My Voice

ICSA Today, Vol. 2, No. 3, 2011,16-19

My Voice—Learning to Speak After the Cult

Alice A.

I don’t remember life before my parents’ divorce, when I was just two years old. My earliest memories are of the years when my grandmother, the leader of our small and loosely organized cult, lived with us. Like most second-generation adults (SGAs), I had no idea that I was growing up in a cult. And even where I could see vast discrepancies between our family lives and those of other people I met, I accepted my grandmother’s two explanations: that we were worse off because of my father’s absenteeism, or that we were better than others because of our superior faith. I didn’t have enough context for what a healthy family should look like to question our own family or to recognize the ways in which we were dysfunctional. But I did know my own thoughts; and so, even as a young child in our cult, I knew at least in part that my young attempts to communicate often fell on deaf ears.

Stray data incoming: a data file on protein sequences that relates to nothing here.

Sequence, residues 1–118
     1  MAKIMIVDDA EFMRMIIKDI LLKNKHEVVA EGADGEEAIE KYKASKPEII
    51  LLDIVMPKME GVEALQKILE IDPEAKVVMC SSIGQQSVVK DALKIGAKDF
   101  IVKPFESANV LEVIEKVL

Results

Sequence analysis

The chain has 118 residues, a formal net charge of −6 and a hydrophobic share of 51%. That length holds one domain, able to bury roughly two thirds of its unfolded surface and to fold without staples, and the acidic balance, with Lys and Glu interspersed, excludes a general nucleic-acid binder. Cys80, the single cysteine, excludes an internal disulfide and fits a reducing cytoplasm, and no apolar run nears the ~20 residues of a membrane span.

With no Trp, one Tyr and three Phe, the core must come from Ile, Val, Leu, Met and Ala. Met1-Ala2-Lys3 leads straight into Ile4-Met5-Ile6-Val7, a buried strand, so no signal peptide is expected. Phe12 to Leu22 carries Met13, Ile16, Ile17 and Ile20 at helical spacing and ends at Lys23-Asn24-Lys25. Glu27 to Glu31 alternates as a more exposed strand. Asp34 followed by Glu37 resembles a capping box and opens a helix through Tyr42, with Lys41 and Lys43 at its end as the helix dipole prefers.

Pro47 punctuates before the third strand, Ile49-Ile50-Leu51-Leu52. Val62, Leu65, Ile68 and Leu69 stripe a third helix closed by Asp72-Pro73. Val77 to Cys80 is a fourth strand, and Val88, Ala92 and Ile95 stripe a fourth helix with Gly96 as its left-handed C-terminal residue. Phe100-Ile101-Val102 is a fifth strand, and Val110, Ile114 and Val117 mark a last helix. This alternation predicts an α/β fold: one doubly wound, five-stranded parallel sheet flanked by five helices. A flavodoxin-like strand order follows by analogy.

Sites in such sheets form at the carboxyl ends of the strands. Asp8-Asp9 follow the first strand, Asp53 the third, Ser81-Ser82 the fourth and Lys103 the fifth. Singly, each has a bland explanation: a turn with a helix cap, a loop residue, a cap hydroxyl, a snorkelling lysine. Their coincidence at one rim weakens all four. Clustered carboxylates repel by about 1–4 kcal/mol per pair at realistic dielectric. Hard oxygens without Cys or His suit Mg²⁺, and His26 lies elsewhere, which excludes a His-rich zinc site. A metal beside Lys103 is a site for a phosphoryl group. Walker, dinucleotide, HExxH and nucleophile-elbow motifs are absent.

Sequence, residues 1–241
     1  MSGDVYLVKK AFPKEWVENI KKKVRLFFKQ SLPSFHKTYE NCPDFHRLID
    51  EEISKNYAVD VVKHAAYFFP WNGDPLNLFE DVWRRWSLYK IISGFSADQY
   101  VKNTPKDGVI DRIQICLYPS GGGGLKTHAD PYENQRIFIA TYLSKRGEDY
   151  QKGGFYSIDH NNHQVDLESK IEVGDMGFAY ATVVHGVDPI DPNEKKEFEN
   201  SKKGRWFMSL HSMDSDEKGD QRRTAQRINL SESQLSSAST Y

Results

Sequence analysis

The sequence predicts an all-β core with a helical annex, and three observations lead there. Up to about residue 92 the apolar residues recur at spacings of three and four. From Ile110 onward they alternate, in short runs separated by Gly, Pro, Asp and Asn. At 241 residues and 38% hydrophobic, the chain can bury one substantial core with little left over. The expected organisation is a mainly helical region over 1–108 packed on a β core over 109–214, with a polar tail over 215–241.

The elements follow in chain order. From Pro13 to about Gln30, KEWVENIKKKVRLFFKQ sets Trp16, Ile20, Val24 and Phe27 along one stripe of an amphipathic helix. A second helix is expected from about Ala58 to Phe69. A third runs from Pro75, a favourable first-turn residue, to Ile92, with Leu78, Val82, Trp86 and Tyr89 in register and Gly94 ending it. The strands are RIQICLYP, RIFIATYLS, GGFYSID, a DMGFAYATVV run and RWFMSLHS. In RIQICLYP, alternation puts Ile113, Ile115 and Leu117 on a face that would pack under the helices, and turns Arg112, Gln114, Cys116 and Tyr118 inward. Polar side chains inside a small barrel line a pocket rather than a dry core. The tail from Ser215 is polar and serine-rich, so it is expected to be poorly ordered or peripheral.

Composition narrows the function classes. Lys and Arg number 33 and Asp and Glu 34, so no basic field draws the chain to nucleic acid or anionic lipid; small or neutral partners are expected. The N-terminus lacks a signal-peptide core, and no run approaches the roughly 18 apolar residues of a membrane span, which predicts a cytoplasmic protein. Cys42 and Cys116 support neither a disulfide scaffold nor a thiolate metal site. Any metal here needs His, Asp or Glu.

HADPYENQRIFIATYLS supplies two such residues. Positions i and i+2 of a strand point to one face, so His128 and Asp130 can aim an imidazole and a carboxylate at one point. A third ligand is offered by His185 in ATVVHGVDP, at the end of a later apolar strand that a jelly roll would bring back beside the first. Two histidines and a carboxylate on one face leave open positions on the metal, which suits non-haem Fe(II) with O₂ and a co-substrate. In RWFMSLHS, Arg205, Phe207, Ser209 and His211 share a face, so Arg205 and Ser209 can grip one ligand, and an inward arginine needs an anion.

There was a sharp contradiction in our home between the high esteem my grandmother claimed to have for communication, and her dogmatic refusal to allow us free speech. She drilled proper grammatical rules into us from a very young age, and openly encouraged us to expand our vocabularies. Her stated goal was that when we eventually entered into lives of public speaking, we would be received with the respect and admiration apparently reserved for those learned individuals who, for example, knew not to end a sentence with a preposition. As a child, I never questioned her assumption that I would eventually speak in public, but secretly I found myself thinking that I didn’t particularly want to. Despite the importance she placed on choosing the right words, she cared remarkably little for what we children had to say. I remember feeling frustrated, lonely, and unimportant when I was not able or not allowed to express my thoughts and feelings.